In the third of a series of blogs by new Special constable Jodie Hayes, the 21 year old takes us through her second shift in which she makes her first arrest.
It’s so strange to think that I only graduated eight weeks ago, but the amount I have learned since then is remarkable.
My second shift on the beat was a little less nerve-wracking that the first – I’d gotten over the initial fear of my first duty and now felt like I was ready to face whatever came my way. I managed to find the locker room without having to ask this time and made sure to pick up a radio with all the right parts on it!
Briefing was at 21:00 and within minutes we were called to an incident of anti-social behaviour. It was a dispute between two neighbours and that had been an ongoing feud for many years. After filling out my first piece of paperwork with a victim we were on our way back to the station when we noticed a car driving recklessly in front of us. After running its number plate through our police computer, we were told the vehicle didn’t hold insurance. We stopped the car and had a chat with the driver, who assured us that she had insurance on the vehicle.
Just as we were about to conduct more checks to determine whether she was telling us the truth, we were asked to attend an RTC where a young male had collided with a car and come off his motorbike. We rushed back to the car and sped away on blue lights, reaching 140mph and managing to reach St Neots from Yaxely in nine-and-a-half minutes!
When we arrived we spoke to the paramedics before assisting them to secure the young man onto the stretcher. He had sustained a fractured pelvis and a possible spinal injury, meaning we had to be extremely careful! I have never been in any kind of road collision before so it was a new and surreal experience. For the first time I realised how much the public rely on us in their time of need and what an amazing and remarkable job being a Special is.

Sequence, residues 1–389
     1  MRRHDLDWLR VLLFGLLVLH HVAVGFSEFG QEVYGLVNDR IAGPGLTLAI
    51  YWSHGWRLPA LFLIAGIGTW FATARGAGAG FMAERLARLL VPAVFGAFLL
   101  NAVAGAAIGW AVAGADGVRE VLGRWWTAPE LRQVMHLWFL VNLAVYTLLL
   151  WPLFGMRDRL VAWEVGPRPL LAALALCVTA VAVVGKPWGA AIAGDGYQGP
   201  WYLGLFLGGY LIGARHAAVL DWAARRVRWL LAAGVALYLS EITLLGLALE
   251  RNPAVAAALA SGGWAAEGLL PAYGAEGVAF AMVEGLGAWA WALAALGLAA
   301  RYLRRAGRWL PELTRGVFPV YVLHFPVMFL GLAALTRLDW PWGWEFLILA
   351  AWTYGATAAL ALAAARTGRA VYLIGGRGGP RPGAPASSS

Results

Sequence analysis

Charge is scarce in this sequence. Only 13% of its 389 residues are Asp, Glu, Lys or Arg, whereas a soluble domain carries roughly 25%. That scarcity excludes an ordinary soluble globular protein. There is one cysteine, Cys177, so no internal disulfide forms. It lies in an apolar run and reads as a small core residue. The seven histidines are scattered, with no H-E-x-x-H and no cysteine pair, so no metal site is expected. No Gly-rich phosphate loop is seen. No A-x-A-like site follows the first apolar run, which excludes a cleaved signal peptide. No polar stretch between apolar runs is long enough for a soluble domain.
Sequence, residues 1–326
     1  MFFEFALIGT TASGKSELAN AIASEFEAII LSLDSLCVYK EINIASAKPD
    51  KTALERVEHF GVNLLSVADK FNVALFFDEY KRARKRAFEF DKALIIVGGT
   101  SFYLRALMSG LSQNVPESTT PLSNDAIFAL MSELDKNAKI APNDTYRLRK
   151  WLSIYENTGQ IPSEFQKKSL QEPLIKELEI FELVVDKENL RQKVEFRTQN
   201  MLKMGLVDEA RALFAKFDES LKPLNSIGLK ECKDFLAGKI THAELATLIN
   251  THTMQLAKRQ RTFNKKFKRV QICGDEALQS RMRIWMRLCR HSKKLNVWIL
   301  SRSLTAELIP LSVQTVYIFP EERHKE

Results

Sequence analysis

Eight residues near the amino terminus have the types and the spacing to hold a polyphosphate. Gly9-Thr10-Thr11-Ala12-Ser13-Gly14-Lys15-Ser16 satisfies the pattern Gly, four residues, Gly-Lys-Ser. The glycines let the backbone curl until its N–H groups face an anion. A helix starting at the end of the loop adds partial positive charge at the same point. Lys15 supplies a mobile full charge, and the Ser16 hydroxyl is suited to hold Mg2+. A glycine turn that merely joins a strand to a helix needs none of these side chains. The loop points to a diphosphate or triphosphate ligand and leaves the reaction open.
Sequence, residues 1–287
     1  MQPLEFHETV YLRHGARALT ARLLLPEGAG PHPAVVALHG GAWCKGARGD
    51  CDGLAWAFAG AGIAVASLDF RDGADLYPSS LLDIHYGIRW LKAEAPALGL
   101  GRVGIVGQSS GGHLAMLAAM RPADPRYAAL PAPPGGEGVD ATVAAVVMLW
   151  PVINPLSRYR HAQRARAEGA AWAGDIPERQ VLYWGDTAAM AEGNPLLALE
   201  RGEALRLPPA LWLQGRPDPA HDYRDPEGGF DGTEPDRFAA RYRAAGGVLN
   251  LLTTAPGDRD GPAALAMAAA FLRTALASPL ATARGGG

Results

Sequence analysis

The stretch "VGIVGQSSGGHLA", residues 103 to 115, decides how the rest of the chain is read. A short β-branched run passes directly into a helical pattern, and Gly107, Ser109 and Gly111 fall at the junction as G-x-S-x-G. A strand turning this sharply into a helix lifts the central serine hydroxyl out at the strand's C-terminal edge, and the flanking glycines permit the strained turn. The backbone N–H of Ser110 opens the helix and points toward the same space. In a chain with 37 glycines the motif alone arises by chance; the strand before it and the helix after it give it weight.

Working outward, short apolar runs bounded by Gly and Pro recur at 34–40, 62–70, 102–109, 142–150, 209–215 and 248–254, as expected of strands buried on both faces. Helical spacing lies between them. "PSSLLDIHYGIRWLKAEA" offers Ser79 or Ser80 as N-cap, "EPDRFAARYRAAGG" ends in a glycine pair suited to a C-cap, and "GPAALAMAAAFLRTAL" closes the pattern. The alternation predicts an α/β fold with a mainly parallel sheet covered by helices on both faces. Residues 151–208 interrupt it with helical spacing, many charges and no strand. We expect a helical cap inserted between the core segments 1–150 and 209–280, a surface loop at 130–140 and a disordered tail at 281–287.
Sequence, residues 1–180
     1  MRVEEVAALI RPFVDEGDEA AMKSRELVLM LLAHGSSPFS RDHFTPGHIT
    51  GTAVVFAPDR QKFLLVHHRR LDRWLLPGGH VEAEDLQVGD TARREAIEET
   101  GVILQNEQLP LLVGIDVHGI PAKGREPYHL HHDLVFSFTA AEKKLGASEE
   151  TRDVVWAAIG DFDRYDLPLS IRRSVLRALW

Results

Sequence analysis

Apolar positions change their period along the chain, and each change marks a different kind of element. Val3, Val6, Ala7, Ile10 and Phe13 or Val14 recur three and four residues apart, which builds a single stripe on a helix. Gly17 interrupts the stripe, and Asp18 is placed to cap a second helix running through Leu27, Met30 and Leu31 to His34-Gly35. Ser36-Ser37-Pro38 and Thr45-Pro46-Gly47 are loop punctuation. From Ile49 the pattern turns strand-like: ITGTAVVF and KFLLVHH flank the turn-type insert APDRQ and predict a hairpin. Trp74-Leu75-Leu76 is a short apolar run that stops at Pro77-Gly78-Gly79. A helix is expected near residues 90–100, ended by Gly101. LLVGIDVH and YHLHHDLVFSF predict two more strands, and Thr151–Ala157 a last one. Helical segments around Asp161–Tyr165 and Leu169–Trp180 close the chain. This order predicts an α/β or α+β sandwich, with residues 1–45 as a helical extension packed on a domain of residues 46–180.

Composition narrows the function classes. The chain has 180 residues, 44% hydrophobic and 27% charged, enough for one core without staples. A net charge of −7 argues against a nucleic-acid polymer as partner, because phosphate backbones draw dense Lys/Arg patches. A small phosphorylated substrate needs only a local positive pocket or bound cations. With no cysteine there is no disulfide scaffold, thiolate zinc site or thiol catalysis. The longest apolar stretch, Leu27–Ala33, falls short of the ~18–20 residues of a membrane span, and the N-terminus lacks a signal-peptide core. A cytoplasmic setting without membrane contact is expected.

Since then, I have done another 10 shifts and things are beginning to settle and become more natural. Wearing the uniform is something that takes a while to get used to but still fills me with excitement every time I walk into the locker room.
I have since also made my first arrest, which has been the best part of my shifts so far! We had been asked to go and do an arrest attempt – these are issued when suspects are not arrested at the time of the crime. It was around four o’clock in the morning when we arrived outside the suspect’s house, who was wanted for assaulting a male and his mother with a baseball bat. It was the first time I had ever considered the fact that I might have to use my protective equipment. It was a surreal thought but I knew I had been trained well and this would kick in if I needed it.
We approached the house and knocked on the door and the man answered a few minutes later. He was half asleep, which was in our favour as he seemed calm. We asked him to confirm his name, before I arrested him on suspicion of actual bodily harm. It was the first time I had said the caution since training and was worried I wouldn’t remember it, but luckily I did it without any trouble. I hand-cuffed him and escorted him into the back of the van, before we took him to Thorpe Wood Police Station. I had a sigh of relief once he was booked into custody and my first arrest was done.
Being a Special has already filled me with so much confidence and given me so many life skills that I never thought I needed. It also makes you carry yourself with so much pride, knowing that you are trusted with a job like this.